Today is a magical and glorious day: I’m headed to City Centre, a large local mall, all by myself. A few of the BJS staff are on call in case I need them, but my solo trip has been blessed. I feel like a teenager again, itching to hit the mall without my mom in tow. I’ve been walking to work alone, and have explored my neighborhood, so I’m slowwwwly spreading my wings.
The rickshaw ride- my very first- was 30 rupees. The pedal-powered rickshaw is a great way to travel short distances. It’s green, and a nice way to enjoy the view, albeit bumpy at times. Once I landed at the mostly-outdoor shopping complex, I started walking around in circles. The layout is not intuitive, nor is the directory. There are different blocks: A-F (I enjoyed the irony of being let out of my guesthouse only to land among a bunch of lettered blocks). Under each block is a list of shops by floor, rather than by category.
My eyes were wandering all over the place trying to find something to eat until I landed on a listing for Hushh, an Italian restaurant and bar. Bingo. Ok, where is block D? Well, if you want to see the mall layout, you need to walk about 100 yards to the map. Ok, got it. Wait, what floor was it on? I walked between the directory and map at least three times before I finally headed in the right direction, hoping the people sitting at the tea shop didn’t notice the confused foreigner wearing a path back and forth.
It was 12:30, which is a little early for lunch, but I was hungry. I’ve noticed most people eat between 1:30 and 2, so the restaurant was empty and lived up to its name- Hushh. Oh well, I want to eat as much as possible while I’m out so I may as well get started. The guesthouse food is fantastic, but woman cannot live on curry alone. Strangely, this restaurant doesn’t have regular pasta on the menu. They have a bunch of pizzas along with gnocchi, risotto and lasagna. Hmm, odd. Gnocchi and risotto can be tricky to make, so I opted for the veggie or “veg” lasagna as they refer to non-meat dishes here. The server up-sells me on garlic cheese bread. I know it’ll be too much food, but I can’t resist!
The bread arrives and looks divine- oblong pieces of Italian bread with melted cheese on top. It’s a far cry from the white sandwich bread I eat most mornings for breakfast. The lasagna follows and looks… well… like a square, white blob. I mean, I LOVE cheese, but is anything underneath it? Cutting through the center I discover there is indeed color lurking beneath, although not a whole lot. The red tomato sauce is UNDER the lasagna slice, not inside. Between the pasta sheets is a very fine mix of chopped vegetables that are almost unidentifiable. From what I can gather, it’s carrot, zucchini and corn. Oh, and a ton of partially-cracked black pepper. Then atop the mound is a layer of cream sauce, finished with a coating of melted mozzarella. Lasagna? Not really, but it’ll do.
The bill came to 1003 rupees, which is about $16. No wonder this place is empty! I could eat about 8 guesthouse meals for the cost of my Italian lunch. I just HAD to have that garlic bread, didn’t I? So I hand over my credit card, pleased to find a place that accepts them, and what do you know? The server comes back to tell me their machine is down. Of course it is. I barely have enough cash to cover the bill so my next stop will be an ATM… if I can find it.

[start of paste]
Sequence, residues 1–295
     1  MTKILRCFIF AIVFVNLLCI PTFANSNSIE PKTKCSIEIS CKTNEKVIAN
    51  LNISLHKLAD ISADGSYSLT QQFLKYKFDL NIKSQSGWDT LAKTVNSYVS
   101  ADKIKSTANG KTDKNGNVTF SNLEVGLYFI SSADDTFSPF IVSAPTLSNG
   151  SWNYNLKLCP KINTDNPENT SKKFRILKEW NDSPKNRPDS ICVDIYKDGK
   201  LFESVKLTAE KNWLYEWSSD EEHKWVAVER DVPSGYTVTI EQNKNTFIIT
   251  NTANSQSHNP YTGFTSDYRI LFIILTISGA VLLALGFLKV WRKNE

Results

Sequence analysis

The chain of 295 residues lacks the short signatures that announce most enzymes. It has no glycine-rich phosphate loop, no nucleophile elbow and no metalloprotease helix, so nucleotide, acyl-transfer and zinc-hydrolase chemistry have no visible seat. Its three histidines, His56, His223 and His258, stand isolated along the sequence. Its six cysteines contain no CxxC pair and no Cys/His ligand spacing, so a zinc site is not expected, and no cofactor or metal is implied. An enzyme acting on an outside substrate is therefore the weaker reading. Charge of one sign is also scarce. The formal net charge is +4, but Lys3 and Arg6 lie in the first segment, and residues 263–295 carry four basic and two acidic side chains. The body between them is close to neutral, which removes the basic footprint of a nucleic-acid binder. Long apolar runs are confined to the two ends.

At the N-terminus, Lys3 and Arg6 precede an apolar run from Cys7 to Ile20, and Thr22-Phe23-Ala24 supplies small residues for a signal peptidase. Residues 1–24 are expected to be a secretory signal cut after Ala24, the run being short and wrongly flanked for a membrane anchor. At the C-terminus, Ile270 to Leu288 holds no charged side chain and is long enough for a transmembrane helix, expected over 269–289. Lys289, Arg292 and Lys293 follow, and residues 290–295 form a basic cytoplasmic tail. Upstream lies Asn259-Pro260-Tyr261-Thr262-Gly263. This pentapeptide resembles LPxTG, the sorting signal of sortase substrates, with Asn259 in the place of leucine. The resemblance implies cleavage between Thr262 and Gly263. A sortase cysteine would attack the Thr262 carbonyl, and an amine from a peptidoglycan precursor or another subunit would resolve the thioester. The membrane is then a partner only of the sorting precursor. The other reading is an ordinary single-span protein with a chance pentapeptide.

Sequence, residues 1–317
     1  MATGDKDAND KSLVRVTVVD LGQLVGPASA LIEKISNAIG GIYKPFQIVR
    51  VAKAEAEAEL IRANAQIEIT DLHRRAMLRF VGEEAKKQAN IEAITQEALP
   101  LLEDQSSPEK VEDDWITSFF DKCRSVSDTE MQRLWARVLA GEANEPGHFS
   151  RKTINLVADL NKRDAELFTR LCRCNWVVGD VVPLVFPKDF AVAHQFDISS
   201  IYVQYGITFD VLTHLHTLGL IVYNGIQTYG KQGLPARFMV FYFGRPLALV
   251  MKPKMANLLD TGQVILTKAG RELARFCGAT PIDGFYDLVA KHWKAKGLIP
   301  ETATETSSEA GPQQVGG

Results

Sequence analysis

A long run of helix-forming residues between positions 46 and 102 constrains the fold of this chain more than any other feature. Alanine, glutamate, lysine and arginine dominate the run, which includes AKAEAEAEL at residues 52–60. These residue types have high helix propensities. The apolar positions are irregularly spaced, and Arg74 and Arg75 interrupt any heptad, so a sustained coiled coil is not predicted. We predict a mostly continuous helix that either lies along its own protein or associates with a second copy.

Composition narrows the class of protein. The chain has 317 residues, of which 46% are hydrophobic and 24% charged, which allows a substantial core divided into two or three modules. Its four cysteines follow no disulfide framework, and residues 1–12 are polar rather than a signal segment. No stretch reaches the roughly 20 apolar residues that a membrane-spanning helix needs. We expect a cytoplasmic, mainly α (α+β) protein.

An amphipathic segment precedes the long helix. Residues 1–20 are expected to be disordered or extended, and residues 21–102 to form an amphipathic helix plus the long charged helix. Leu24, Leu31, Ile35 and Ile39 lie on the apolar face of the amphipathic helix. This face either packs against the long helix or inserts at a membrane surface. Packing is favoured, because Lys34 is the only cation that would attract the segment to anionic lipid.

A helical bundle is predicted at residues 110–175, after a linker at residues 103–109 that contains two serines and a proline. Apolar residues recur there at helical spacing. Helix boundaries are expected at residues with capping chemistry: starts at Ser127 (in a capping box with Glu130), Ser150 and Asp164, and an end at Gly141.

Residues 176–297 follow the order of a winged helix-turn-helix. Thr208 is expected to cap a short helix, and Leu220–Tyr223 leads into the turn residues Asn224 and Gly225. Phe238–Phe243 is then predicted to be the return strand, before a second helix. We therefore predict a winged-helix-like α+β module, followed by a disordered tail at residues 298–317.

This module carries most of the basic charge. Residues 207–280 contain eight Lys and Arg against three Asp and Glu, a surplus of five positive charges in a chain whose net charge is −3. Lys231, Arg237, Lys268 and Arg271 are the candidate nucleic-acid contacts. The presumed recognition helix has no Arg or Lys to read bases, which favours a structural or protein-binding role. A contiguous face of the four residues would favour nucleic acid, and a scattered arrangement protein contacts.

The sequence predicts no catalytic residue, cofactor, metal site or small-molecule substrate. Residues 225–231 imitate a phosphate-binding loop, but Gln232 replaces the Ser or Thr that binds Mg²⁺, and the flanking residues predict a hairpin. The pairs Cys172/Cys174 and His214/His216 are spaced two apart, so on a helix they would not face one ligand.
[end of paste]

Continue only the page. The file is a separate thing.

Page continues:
After lunch and an eventual visit to the ATM, I do some window shopping, gobble down gelato and head for the movie theatre. There’s a Bollywood flick called Besharam playing. I mean, I’ve got to, right? I pay my $4 and go through the metal detector and bag search in the lobby. They see my camera and tell me they need to hold my battery. I guess they take piracy pretty seriously here, which isn’t a bad thing. So I pull out my battery and exchange it for a paper ticket, hoping I don’t forget to claim it after the movie.
The concession offerings include popcorn, momos (dumplings), corn, ice cream, sodas and… nachos! I order nachos and a diet coke figuring nothing harmful can grow in fake cheese, even at room temperature. I take a seat, which turns out to be the wrong one, and an usher helps me find my proper place. Instead of pricing tickets by age, here they do it by location. The pricier seats are at the top, with the lower tier pricing closer to the screen. I guess when I said “yes” to the box office attendant, he was confirming my seat. I had no idea what he was asking, but yes felt like the right thing to say.
The entire movie is in Hindi, but it doesn’t really matter because the plot is a wee bit thin and pretty easy to follow. It starts out as a heist, and then, in true Bollywood form, the lead actor enters a dance club wearing a gold suit and sunglasses. He bursts into song and dance as the club-goers serve as back-up dancers. Awesome. Four musical numbers and 16 sunglass changes later, I decide I’ve seen enough and head out of the theatre to claim my camera battery and head home. I find a rickshaw and manage to return to my guesthouse without incident- just before dark. I literally smile as I enter my room, quite proud of my achievement. Solo outing- check!